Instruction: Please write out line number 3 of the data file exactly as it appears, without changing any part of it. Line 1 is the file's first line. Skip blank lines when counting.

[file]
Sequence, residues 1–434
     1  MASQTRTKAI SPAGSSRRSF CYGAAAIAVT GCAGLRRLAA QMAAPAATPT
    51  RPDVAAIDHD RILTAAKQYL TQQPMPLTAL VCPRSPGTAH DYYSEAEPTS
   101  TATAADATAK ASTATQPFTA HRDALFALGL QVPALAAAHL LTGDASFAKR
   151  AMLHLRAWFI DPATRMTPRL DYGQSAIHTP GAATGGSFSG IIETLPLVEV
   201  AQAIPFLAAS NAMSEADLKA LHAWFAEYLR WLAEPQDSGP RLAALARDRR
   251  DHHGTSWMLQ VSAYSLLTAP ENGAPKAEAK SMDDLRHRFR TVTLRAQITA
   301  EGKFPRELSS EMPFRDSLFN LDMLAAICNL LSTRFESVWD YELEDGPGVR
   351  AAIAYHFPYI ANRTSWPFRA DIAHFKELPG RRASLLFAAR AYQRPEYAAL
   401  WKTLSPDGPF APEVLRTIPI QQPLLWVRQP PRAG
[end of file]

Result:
    51  RPDVAAIDHD RILTAAKQYL TQQPMPLTAL VCPRSPGTAH DYYSEAEPTS